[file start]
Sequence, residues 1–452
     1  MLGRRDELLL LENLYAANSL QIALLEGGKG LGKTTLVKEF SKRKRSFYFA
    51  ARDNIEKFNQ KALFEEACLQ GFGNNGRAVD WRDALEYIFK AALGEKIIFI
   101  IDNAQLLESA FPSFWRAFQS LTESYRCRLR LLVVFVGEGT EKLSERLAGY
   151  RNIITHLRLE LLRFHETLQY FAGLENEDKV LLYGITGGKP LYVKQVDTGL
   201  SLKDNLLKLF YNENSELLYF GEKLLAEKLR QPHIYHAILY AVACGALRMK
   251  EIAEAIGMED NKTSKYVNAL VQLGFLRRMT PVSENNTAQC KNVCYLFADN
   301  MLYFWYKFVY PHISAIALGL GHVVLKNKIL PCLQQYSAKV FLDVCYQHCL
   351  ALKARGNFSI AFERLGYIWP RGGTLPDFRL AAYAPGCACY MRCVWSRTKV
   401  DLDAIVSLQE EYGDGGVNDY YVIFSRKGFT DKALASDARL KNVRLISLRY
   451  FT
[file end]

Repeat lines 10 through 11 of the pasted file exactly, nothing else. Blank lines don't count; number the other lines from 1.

   401  DLDAIVSLQE EYGDGGVNDY YVIFSRKGFT DKALASDARL KNVRLISLRY
   451  FT